My editor returned the manuscript to me, and included with it was a thirteen page assessment of the work covering, characters, setting, plot, POV, and voice. It is quite thorough and at first a shot to the ego. This is the most challenging part of the writing process. Your work is laid bare and dissected. I’m not going to lie, it stings. The truth is, I agree with each and every of her points. I can see exactly what she is talking about. That I didn’t see it before is what the little voice in the back of my brain loves to nag me about. How did I miss all of these things? Am I really that bad a writer?
The reality is I know the story. I know my characters. They are all inside my head, I just forget that the reader isn’t. We, by that I mean writers, sometimes have this crazy notion that great books just fell out of their creators’ heads. Like Athena springing from Zeus’s forehead, they appear ready to be read and gushed over. It just doesn’t happen that way. Books are like swords in the sense that once they are out of the fire they need to be shaped, tempered, and honed to a sharpened edge. As writers we all know this. Sometimes it just takes thirteen pages to remind us why we hire editors in the first place.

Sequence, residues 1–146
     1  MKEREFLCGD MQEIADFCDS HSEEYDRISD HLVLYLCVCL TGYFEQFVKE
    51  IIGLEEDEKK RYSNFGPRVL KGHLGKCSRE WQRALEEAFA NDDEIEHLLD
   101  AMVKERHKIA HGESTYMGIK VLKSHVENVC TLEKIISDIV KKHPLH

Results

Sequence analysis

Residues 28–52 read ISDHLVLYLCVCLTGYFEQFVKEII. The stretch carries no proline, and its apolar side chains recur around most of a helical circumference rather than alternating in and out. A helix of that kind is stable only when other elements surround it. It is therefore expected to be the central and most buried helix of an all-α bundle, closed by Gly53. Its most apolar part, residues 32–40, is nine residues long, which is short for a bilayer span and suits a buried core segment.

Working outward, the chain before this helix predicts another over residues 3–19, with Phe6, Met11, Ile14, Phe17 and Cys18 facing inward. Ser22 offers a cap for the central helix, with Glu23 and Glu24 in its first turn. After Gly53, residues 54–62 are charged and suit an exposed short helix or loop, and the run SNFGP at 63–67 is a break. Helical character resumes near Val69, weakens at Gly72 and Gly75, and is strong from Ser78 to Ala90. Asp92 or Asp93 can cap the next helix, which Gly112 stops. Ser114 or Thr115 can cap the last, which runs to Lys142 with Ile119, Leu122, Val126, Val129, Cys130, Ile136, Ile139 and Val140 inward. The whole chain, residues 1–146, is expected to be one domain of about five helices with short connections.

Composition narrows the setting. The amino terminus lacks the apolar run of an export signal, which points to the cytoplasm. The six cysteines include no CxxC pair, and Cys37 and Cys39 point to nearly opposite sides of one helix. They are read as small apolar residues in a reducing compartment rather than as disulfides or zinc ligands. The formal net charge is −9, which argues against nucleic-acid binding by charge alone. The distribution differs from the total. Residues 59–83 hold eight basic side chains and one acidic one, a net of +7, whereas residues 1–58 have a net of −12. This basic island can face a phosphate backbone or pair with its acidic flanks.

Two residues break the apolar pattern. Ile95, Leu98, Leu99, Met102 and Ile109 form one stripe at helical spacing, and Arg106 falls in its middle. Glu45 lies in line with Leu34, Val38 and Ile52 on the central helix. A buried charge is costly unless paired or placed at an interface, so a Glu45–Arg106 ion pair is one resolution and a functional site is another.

So, where am I now? I’m at my laptop working on the changes that will bring clarity to my characters’ motivations, action that flows logically, and tension that leaves the reader griped. Oh and there’s plenty of typos and assorted boo-boos to fix. If all goes well I should have it all ready to go in the next month. That’s my plan and I’m sticking to it. Besides, I started writing the book in 2011, so another month isn’t going to make that much of a difference, other that a much better book.